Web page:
JULY 12: The Mavericks, Celtics, and Spurs have put out press releases officially confirming that their three-team deal is official. The terms of the deal are as follows:
- Mavericks acquire Williams (via sign-and-trade), the Spurs’ 2025 second-round pick, and the Spurs’ 2028 second-round pick.
- Spurs acquire Bullock and the right to swap 2030 first-round picks with the Mavericks.
- Celtics acquire either the Pelicans’ or Bulls’ 2024 second-round pick (whichever is more favorable; from Spurs), the Mavericks’ 2030 second-round pick, and the right to swap the most favorable of the Wizards’, Warriors’, and Pistons’ 2025 second-round picks with the Mavericks’ 2025 second-round pick.
JULY 5: The Mavericks, Celtics and Spurs are finalizing a three-team trade that will send restricted free agent forward Grant Williams to Dallas, sources tell Shams Charania of The Athletic (Twitter links).
According to Charania, the Spurs will receive Reggie Bullock and an unprotected 2030 pick swap from the Mavs, while the Celtics will receive multiple second-round picks.
Charania hears Williams will receive a four-year, $54MM contract as part of the transaction, while ESPN’s Adrian Wojnarowski has heard (via Twitter) it’s $53MM. The deal is fully guaranteed and does not feature any options, sources tell Michael Scotto of HoopsHype (Twitter link).
The Celtics and Mavericks will each receive two second-rounders as part of the trade, Wojnarowski reports (Twitter link). According to Adam Himmselsbach of The Boston Globe, the Celtics will also receive a 2025 second-round pick swap (Twitter link).
Interestingly, the reported figure Williams will receive is the value of the non-taxpayer mid-level exception, which will be worth $53.34MM over four years. However, since the Mavs are acquiring him via sign-and-trade, they will preserve their MLE and still have “strong interest” in using it to sign restricted free agent Matisse Thybulle to an offer sheet, per Marc Stein (Twitter links). Dallas will be hard-capped at the first luxury tax apron due to the sign-and-trade, Stein notes.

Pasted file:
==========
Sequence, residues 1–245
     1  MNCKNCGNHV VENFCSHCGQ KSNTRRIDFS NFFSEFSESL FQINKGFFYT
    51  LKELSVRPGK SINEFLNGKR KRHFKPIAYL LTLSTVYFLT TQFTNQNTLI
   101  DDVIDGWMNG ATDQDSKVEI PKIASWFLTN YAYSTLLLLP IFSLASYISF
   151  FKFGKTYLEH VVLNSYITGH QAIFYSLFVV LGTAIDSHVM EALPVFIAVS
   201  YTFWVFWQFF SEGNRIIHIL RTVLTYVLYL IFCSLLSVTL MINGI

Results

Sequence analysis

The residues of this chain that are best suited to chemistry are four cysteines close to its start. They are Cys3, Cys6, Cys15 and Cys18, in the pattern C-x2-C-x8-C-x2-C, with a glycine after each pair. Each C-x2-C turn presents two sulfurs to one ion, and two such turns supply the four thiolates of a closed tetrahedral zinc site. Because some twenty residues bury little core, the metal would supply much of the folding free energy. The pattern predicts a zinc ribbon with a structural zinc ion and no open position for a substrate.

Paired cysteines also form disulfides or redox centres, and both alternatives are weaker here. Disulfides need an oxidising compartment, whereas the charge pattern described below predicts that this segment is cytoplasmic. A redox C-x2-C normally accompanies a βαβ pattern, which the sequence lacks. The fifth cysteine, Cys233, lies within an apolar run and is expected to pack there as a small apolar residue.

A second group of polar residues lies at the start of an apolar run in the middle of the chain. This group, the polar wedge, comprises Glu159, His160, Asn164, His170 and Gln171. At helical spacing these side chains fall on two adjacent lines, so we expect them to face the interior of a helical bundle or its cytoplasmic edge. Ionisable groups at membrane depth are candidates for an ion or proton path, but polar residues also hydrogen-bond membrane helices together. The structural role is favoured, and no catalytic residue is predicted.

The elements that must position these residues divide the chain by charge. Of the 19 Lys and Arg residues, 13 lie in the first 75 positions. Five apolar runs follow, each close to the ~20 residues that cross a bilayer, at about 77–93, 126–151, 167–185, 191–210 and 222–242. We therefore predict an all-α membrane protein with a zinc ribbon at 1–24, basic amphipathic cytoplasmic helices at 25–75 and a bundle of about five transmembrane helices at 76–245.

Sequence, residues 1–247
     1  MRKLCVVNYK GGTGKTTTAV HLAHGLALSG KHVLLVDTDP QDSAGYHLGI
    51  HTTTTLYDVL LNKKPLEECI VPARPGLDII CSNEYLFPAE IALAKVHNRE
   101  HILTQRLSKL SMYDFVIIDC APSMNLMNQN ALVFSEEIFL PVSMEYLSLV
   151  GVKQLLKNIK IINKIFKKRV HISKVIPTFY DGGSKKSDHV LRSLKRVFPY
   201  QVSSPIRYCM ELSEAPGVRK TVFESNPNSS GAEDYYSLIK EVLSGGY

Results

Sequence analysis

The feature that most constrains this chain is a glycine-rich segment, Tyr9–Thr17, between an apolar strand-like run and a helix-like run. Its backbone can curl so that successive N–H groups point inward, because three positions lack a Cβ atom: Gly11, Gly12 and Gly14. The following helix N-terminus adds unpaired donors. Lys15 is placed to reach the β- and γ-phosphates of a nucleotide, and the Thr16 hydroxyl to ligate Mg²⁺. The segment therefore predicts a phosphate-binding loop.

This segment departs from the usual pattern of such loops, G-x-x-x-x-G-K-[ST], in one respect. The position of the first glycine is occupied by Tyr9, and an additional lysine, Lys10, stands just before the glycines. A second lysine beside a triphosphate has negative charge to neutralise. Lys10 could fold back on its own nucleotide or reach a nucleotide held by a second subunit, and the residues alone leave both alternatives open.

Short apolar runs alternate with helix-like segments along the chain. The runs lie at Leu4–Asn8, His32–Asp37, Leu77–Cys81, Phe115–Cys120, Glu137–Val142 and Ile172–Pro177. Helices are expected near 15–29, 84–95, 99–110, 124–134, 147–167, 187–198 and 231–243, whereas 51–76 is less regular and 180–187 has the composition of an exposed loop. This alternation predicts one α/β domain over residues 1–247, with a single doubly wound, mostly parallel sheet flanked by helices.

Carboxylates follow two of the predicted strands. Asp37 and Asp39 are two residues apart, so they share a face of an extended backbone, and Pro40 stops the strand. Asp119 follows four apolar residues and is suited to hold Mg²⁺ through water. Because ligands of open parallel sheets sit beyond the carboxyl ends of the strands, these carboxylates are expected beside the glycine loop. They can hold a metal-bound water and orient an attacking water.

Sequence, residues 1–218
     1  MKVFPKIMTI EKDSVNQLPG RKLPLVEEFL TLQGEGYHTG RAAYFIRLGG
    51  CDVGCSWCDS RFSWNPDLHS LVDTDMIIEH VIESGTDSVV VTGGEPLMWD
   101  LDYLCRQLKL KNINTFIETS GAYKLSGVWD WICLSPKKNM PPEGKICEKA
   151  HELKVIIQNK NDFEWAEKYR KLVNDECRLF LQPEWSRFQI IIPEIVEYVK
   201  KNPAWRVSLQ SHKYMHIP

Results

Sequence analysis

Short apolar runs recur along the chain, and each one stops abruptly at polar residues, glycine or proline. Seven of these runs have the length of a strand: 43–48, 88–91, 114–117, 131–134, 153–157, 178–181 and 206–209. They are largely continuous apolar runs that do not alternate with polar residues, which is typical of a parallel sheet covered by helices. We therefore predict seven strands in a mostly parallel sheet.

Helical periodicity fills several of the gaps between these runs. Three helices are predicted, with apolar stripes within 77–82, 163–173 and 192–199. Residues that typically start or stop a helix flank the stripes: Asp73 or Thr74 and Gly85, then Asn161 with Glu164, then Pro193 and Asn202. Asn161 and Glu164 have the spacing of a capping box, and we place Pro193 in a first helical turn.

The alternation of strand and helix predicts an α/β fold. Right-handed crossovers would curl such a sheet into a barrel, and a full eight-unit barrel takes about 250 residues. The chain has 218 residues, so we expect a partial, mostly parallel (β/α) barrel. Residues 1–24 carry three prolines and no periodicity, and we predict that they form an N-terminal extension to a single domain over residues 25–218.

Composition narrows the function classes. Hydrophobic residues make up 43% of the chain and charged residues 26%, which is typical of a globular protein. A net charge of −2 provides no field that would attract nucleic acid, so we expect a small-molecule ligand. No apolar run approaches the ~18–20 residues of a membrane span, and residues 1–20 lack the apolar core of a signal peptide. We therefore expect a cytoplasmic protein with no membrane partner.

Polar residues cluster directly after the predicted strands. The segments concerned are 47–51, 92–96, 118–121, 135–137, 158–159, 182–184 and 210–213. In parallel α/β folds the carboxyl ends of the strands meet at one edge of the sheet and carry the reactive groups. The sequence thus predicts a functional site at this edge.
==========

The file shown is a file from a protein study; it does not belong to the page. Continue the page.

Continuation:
ESPN’s Bobby Marks has a detailed list of the cap complications from the deal (via Twitter). The Mavs are approximately $9MM below the first apron, so they’ll have to clear some additional cap space to have access to the full MLE, which starts at $12.4MM in 2023/24.
They could open up an additional $3.4MM — the exact difference between those two figures — by releasing JaVale McGee and using the stretch provision on his contract, Marks adds. Dallas will also generate a $10.5MM trade exception, equivalent to Bullock’s outgoing salary.
The Celtics, meanwhile, will create a $6.2MM trade exception of their own, which is half of Williams’ projected salary. It would have cost Boston $40MM against the luxury tax to pay Williams’ salary, per Marks.
As for the Spurs, they’ll use some of their cap room to accommodate Bullocks’ $10.5MM salary, according to Marks, who notes they’ll have about $12.5MM in space remaining after the deal.
Himmelsbach was the first to point out (via Twitter) that Williams’ contract is right in the ballpark of what he was rumored to be seeking in an extension before the ’22/23 season started. Jared Weiss of The Athletic hears (Twitter link) the Celtics were willing to meet Williams’ asking price in the fall, but only if the deal included incentives.
Williams, 24, just completed his rookie scale contract and hit restricted free agency after four seasons with Boston. He turned himself into a valuable 3-and-D player in recent years, playing an important role in helping the Celtics make the Finals and Eastern Conference finals the past two seasons.
Since the start of ’21/22, Williams averaged 8.0 PPG and 4.1 RPG on .464/.403/.829 shooting in 156 games (44 starts, 25.1 MPG). His versatile defense was particularly essential in the postseason, and he could be a nice complementary fit next to Luka Doncic and Kyrie Irving, who aren’t known for their play on that end. It’s also worth noting that Williams is from Houston, about 240 miles from Dallas.
Veteran wing Bullock, 32, is another 3-and-D player who often guards top perimeter players, though his defense slipped a bit last season to my eyes (Bullock’s 116.5 defensive rating was 0.4 worse than the team’s 25th-ranked D at 116.1). He has been a rotation regular over the past two seasons for Dallas and is a career 38.4% shooter from behind the arc.
As Marks noted, paying Williams would have been exorbitantly expensive, but he will be missed. His departure seemed likely after the Celtics acquired Kristaps Porzingis and his $36MM deal in a trade. They’ll reportedly receive some draft compensation to try and recoup some value in the sign-and-trade (they were rumored to be looking for a first-round pick).